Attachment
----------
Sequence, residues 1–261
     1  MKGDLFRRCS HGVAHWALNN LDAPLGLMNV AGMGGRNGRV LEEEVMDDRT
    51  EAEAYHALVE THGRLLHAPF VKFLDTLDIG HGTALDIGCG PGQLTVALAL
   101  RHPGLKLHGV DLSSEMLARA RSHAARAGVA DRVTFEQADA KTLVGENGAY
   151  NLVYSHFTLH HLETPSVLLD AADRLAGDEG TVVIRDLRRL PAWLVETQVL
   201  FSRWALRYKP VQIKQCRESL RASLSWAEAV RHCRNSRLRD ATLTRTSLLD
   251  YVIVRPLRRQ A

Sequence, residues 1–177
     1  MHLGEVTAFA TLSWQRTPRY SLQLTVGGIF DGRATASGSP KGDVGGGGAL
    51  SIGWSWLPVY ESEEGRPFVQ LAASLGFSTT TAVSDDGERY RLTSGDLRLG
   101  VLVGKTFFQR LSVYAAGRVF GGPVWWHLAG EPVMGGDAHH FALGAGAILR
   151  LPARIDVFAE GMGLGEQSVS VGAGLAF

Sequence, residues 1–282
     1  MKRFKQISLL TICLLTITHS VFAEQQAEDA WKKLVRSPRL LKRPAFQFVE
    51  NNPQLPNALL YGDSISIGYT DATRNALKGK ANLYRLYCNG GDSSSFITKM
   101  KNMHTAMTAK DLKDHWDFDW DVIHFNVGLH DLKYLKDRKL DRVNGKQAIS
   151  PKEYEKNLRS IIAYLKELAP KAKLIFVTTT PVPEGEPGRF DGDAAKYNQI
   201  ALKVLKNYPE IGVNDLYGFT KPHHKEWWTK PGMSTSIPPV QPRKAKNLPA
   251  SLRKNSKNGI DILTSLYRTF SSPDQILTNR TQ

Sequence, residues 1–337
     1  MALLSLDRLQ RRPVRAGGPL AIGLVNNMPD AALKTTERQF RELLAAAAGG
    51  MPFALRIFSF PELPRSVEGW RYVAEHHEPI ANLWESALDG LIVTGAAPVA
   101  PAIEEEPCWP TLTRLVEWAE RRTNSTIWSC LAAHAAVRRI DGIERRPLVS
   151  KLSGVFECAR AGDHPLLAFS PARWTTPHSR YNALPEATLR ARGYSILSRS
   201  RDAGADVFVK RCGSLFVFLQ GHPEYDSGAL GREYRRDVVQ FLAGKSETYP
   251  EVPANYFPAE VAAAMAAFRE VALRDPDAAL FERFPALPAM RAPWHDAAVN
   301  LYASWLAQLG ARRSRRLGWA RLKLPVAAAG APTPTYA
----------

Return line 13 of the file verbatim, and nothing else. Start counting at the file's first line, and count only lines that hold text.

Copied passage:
Sequence, residues 1–282